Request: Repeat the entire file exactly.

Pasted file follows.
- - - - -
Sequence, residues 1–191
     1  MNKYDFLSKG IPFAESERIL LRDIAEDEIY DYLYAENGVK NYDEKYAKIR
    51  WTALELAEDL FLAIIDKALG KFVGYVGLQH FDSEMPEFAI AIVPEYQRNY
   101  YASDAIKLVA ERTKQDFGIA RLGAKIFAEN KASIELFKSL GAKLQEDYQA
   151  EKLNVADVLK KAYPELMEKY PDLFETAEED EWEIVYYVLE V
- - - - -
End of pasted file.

Sequence, residues 1–191
     1  MNKYDFLSKG IPFAESERIL LRDIAEDEIY DYLYAENGVK NYDEKYAKIR
    51  WTALELAEDL FLAIIDKALG KFVGYVGLQH FDSEMPEFAI AIVPEYQRNY
   101  YASDAIKLVA ERTKQDFGIA RLGAKIFAEN KASIELFKSL GAKLQEDYQA
   151  EKLNVADVLK KAYPELMEKY PDLFETAEED EWEIVYYVLE V